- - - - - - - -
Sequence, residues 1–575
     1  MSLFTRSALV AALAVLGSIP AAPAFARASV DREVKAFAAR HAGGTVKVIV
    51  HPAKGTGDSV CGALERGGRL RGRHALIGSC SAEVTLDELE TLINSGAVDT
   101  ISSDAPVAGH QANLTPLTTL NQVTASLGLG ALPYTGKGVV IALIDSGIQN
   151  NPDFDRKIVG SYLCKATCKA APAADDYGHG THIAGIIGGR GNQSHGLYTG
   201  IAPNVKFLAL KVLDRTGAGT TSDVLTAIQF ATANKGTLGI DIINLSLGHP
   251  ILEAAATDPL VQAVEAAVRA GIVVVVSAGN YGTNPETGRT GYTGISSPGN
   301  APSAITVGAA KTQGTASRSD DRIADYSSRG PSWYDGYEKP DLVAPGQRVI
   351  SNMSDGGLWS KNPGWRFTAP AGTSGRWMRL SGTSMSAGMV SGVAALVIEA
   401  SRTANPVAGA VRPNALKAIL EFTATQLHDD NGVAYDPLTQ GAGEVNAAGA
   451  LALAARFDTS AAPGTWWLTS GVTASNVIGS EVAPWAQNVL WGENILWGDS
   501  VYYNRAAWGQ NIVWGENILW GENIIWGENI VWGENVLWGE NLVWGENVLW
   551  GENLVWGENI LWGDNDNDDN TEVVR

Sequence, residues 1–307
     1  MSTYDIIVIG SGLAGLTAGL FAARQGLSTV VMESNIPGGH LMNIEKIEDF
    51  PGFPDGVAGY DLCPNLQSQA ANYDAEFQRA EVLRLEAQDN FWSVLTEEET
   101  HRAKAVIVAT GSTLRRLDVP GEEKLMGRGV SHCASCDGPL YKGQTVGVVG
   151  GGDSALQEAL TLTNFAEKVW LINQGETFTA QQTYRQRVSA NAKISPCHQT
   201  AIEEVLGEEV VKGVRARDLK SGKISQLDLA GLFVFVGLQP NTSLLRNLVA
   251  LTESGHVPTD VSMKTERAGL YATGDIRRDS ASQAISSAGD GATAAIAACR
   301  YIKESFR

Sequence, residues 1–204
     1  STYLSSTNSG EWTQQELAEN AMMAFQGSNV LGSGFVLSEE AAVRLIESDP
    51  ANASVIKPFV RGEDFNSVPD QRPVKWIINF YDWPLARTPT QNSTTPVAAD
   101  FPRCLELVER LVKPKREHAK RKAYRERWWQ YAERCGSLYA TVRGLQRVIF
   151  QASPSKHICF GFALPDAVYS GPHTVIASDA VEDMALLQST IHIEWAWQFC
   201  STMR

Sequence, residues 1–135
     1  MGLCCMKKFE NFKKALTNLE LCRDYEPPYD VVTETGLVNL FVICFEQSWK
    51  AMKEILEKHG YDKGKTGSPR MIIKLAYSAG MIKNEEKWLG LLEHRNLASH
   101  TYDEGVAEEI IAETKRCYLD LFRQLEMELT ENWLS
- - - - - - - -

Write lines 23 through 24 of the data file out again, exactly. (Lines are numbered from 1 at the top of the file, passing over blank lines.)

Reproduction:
     1  STYLSSTNSG EWTQQELAEN AMMAFQGSNV LGSGFVLSEE AAVRLIESDP
    51  ANASVIKPFV RGEDFNSVPD QRPVKWIINF YDWPLARTPT QNSTTPVAAD